Freedom of opportunity, coercion and the employment contract.
Hi all. I’m new here. I would consider myself a Libertarian and while looking at possible transition avenues towards a more free and voluntary society, I was looking around issues such as property rights, minimum wage etc. It occurred to me there might be more forms of oppression, not just the state. When I was researching such issues as poverty, employment and minimum wage, I hit a snag with the currently accepted theories. Libertarianism state that all contracts should occur voluntarily, without coercion in such a way that both parties are able to walk away. But I could think of many instances in which this is not the case.
Ex: A single mother of 2 is working the lowest-paid unskilled job to feed herself and her children. She often struggles to make ends meet and thus cannot afford to save money. In such a position can she realistically refuse her employer’s demands? It seems to me that she can’t simply walk away as she needs the job for basic subsistence. In such a case isn’t her employer in a position to dictate the conditions of her contract whatever she says? If so how is she free? What can she realistically negotiate?
It occurs to me that when most Libertarians think about freedom, they strictly consider their liberty and rights independently of others. Thus they draw the (erroneous) conclusion that those (especially property rights) can expand indefinitely so long as they respect the non-aggression principle. But doesn’t your freedom end where mine begins?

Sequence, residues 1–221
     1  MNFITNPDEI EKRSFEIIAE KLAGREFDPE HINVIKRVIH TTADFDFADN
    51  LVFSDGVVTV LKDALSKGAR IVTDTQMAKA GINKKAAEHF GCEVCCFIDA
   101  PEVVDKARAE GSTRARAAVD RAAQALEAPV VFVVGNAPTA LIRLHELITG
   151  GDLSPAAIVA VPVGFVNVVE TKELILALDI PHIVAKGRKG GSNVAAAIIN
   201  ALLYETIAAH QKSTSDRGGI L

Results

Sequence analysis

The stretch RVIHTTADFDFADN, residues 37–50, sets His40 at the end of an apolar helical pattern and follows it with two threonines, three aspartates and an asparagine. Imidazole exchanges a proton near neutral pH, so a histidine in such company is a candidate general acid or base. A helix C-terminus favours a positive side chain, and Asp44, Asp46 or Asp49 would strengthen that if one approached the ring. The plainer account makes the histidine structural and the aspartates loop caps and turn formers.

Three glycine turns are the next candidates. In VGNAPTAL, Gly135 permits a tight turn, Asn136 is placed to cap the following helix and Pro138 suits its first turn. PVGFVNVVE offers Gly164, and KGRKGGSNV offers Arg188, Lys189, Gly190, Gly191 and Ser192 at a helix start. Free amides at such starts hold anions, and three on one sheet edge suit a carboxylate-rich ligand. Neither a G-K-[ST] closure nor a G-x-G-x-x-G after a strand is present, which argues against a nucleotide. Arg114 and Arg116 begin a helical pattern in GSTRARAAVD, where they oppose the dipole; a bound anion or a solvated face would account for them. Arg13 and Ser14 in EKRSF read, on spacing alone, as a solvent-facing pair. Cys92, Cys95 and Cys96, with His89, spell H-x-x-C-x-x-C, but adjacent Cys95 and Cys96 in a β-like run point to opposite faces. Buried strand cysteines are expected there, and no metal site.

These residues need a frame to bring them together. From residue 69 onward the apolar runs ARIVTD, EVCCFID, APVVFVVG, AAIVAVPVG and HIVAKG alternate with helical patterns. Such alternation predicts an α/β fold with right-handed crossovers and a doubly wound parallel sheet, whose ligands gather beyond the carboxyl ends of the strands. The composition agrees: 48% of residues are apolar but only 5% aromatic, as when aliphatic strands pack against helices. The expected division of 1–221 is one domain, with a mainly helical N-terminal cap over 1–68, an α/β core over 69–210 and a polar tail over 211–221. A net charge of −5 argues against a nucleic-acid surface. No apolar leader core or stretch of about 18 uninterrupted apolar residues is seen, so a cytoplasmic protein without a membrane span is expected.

Not all in this world are born on equal footing. Some are disabled and no matter how hard they work at things, they might never be able to do what most others can. Many in this world live with less than 2$ a day. Are they all guilty of making bad choices? Is there freedom without opportunity? Should we not (voluntarily) strive to make it so that all individuals have the chance (but not the obligation) to reach as much potential as individual freedom can allow?
As I have been struggling to find answers, I address it here in the hope that perhaps some of my fellow Libertarians can share their views on the matter (or perhaps recommend books).
Article from r/Libertarian: For a Free Society